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Poland's new prime minister thinks that the Baltic port city of Gdansk is the perfect location for a museum commemorating the war and its consequences. Berlin would rather stick to its own plans for remembrance.
The Battle of Gdansk in 1939 is considered the start of World War II
Poland's prime minister, Donald Tusk, called on Monday, Dec. 10, for a grand-scale World War II museum in the northern Polish city of Gdansk, the site of the Nazi invasion on Sept. 1, 1939.
Other countries, including Germany, Russia and Israel could have a part in the museum, which was proposed as an alternative to a plan for an exhibition in Berlin to remember German expellees from central and eastern Europe during and just after World War II.
In the large Gdansk museum, "the fate of expellees would have a place in a conclusive and comprehensive context," said Tusk in an interview with the German daily Frankfurter Allgemeine Zeitung.
The coastal city of Gdansk, located on the Baltic Sea, is ripe with symbolic meaning.
"The war began here, but in a sense it also ended here when the Solidarity movement was founded in 1980," Tusk said.
Started by Polish laborers under Lech Walesa, Solidarity, or Solidarnosc, played a key role in the fall of communism in the former east-bloc country.
Berlin adamant about expulsion center
Tusk became prime minister last month
In response, the German government made it clear that Tusk's statement would have no bearing on plans for the expulsion center. The governing coalition agreed in their founding contract in 2005 to set up a "visible sign of remembrance against expulsion" in Berlin, said government spokesman Thomas Steg.
The conflict began some seven years ago when the League of Expellees (BdV) started a foundation for a proposed expellee center. The organization, which campaigns for the rights and remembrance of ethnic German expellees, has been seen in Poland as overstating German suffering surrounding the Holocaust.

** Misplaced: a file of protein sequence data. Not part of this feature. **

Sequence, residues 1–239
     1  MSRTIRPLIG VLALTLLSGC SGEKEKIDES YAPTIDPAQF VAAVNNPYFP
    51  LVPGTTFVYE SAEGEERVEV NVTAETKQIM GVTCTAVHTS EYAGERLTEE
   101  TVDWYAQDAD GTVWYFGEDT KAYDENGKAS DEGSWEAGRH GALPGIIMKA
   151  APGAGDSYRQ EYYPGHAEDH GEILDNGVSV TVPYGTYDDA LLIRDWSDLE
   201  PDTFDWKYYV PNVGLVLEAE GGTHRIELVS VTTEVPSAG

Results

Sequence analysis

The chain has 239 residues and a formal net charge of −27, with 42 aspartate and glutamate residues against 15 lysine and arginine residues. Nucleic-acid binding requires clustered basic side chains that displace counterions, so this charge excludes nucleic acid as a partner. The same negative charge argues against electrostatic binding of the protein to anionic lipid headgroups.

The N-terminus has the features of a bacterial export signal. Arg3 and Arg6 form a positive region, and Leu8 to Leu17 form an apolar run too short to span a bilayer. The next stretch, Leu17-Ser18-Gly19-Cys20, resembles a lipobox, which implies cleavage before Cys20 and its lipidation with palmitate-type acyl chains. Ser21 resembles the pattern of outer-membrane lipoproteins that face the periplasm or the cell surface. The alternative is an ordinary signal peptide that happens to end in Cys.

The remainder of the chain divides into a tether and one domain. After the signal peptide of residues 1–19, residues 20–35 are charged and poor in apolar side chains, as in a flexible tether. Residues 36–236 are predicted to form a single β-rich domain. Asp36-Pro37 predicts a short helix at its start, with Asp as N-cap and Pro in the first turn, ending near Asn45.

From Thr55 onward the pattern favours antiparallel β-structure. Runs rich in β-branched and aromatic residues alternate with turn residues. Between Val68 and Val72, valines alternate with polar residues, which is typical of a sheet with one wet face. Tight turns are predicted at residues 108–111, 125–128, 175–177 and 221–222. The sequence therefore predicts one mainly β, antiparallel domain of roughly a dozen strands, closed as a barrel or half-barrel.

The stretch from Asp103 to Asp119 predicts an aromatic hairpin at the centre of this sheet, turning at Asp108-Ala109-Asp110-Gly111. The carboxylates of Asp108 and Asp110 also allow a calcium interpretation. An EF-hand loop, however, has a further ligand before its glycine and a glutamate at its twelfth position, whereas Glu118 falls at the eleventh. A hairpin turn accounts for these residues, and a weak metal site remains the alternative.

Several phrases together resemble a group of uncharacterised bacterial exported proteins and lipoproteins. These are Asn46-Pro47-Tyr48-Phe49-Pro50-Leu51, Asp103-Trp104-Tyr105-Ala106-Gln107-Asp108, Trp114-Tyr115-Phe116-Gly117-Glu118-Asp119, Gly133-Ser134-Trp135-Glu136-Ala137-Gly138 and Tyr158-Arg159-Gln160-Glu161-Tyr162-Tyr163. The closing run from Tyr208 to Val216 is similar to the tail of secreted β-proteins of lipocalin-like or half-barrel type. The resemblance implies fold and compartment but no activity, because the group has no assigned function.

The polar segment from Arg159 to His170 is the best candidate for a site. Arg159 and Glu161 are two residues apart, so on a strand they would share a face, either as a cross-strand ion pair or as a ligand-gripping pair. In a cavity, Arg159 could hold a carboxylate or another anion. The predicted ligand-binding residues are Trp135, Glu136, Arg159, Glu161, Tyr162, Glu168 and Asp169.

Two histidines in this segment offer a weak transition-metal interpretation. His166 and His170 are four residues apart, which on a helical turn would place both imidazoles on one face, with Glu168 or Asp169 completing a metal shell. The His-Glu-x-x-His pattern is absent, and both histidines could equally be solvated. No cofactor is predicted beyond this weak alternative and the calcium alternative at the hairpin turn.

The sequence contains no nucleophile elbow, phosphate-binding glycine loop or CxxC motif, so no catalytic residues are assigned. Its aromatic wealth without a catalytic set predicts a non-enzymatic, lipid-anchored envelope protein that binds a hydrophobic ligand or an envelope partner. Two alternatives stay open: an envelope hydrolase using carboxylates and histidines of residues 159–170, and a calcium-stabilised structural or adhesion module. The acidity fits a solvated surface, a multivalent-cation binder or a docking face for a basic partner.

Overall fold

"The problem is not that anyone wants to prevent the Germans from remembering the suffering of their own people," Tusk said. "It becomes problematic when this remembrance of the German suffering diminishes another memory -- namely that of the collective responsibility of the Germans."
Points of contention on Tusk-Merkel agenda
The question of remembrance is likely to be a major agenda point when Tusk meets with German Chancellor Angela Merkel in Berlin on Tuesday.
The two leaders are also slated to broach the ongoing issue of restitution claims for German expellees and re-settlers.
The Prussian Claims Society submitted claims for 22 individual claims cases to the European Court for Human Rights in Strasbourg in 2006, requesting the return of land and property in present-day Poland to ethnic Germans who were forced out of their homes during the war.
Several more cases have been submitted since then, and still others are being reviewed in Polish courts.
"The German government has to take responsibility for the possible financial consequences arising from the compensation claims," Tusk said.
Should expelled German be compensated for what they lost?
Berlin has maintained repeatedly that it doesn't support such claims, with then German Chancellor Gerhard Schröder making a binding statement to that effect in Warsaw in 2004.
According to German estimates, some 15 million ethnic Germans were expelled from their homes during or directly following the war. Some two million are thought to have died in the process.
Poland fears pipeline puts gas supply at risk
Plans for a joint Russian-German gas pipeline along the Baltic Sea will be another matter of discussion at Tuesday's meeting.
Currently, Russia sends gas to western Europe via Poland, but the Baltic Sea pipeline would circumvent the central European country. Poland has expressed concern that, in a political crisis, Russia could shut its gas supply without affecting delivery to -- and, hence, relations with -- western Europe.
Ahead of Tuesday's talks, German Foreign Minister Frank-Walter Steinmeier expressed optimism over the future of bilateral relations.
"A concrete program to improve cooperation between the governments is being worked on," he told the Polish newspaper Gazeta Wyborcza on Monday. "The German and Polish ministers will now meet together frequently and regularly."
Topics of friction, such as expellee claims and the Baltic pipeline would be dealt with "openly and constructively," he added.